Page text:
What You Should Know About Crime Scene Cleaning

What is crime scene cleaning? How does it differ from crime scene investigating? These are questions we hear all the time. Crime scene cleaning occurs after crime scene investigators process a crime scene, and includes ridding the home of potential biohazardous materials such as blood and body fluids. As “second responders,” crime scene cleaners are not members of law enforcement, but often work closely with police officers and investigators to help families who have experienced a tragic event.

Once the last piece of evidence is collected, bagged, and logged, and the final police officer has left the scene, the family of the deceased is left to deal with the after-effects of the crime. For most, cleaning up after the murder of a loved one is an unthinkable task charged with emotion and confusion. On top of that, most individuals are not equipped or prepared to take on such a precarious feat. This is why many people turn to a crime scene cleaning company for help.

crime scene tape

The Dangers of Cleaning a Crime Scene Yourself

The scene of a crime is a dangerous place to be. The blood and body fluids that are often found at crime scenes can carry harmful pathogens like HIV, hepatitis, and influenza that can be transmitted to anyone who comes into contact with the scene. Therefore, those tasked with cleaning up the blood and body fluids left at a crime scene should do so with adequate:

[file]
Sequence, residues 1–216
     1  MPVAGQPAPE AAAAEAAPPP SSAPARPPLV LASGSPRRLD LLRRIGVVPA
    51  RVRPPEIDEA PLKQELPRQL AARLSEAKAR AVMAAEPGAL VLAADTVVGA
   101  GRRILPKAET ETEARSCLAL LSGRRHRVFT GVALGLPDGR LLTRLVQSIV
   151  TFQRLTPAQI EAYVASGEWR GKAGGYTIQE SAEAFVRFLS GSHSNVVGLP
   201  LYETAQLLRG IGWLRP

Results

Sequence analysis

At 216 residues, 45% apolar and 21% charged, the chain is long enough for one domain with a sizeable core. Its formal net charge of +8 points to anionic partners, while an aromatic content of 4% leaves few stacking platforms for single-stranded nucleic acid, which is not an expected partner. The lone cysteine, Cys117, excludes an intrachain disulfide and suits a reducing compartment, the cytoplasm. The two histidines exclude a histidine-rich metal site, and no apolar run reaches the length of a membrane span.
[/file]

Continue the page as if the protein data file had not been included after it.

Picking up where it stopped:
• Equipment. Before entering a crime scene, you should be sure to outfit yourself in personal protective equipment (PPE) such as gloves, eye protection, respiratory masks, and shoe coverings.
  • Education. Although crime scene cleaning is not a federally regulated industry, it helps to educate yourself on the risks of bloodborne pathogen exposure and proper PPE use prior to cleaning up potential biohazards.
  • Attention to detail. During crime scene cleaning, you want to be sure to contain the affected area to prevent cross contamination of other rooms in the house. Additionally, it is recommended that you treat all blood and body fluids as if they contain a life threatening illness, no matter to whom the blood belongs. Why? According to the Center for Disease Control (CDC), 3.2 million people in the U.S. have chronic hepatitis, and most people do not know they are infected.

Aftermath has specialized in crime scene cleanup since 1996 and has offices nationwide. At Aftermath, we believe it is our job to lift the burden of crime scene cleaning from the minds of those who are grieving. To learn more, speak with an Aftermath representative today.


CDC: http://www.cdc.gov/hepatitis/C/cFAQ.htm

Fox NY: http://www.myfoxny.com/story/22484748/violent-crime-rates-increase

OSHA: https://www.osha.gov/SLTC/bloodbornepathogens/recognition.html